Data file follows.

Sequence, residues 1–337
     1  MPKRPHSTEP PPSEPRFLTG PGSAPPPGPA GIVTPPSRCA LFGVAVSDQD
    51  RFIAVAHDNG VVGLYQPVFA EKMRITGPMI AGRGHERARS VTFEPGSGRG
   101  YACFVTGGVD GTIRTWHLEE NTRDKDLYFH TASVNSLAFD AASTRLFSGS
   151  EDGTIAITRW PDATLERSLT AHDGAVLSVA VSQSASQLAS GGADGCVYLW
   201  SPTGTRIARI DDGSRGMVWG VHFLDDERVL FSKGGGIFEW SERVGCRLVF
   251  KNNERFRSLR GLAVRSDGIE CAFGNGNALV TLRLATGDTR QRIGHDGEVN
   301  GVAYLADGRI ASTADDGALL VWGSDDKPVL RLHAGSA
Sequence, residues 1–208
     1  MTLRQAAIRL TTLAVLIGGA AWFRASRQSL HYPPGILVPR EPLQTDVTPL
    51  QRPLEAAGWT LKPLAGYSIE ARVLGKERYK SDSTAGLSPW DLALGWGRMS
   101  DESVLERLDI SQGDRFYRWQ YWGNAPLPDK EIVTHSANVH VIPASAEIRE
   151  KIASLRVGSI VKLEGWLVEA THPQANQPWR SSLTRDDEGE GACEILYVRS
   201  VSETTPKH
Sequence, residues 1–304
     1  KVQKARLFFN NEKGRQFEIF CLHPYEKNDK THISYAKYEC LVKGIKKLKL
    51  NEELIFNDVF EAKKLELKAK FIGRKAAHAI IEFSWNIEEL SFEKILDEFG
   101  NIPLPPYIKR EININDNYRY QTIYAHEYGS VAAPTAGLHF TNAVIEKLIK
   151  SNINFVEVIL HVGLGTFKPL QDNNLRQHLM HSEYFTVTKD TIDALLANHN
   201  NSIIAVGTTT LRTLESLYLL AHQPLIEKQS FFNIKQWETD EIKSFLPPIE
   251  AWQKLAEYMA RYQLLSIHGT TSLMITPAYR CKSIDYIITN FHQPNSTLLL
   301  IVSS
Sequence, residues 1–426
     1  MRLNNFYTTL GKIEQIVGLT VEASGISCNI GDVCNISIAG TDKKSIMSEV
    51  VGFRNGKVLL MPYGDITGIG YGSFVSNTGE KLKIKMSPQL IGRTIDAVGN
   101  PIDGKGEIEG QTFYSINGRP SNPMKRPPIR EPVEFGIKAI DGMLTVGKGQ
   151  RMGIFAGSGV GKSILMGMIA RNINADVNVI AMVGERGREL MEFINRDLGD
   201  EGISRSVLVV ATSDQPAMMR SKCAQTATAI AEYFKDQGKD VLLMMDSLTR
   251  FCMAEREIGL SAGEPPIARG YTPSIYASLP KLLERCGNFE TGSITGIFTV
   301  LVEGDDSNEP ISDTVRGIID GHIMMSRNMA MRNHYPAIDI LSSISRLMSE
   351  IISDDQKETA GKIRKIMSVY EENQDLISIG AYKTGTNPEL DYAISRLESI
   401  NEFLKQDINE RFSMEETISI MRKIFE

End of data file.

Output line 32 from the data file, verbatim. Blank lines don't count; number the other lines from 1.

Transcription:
   401  NEFLKQDINE RFSMEETISI MRKIFE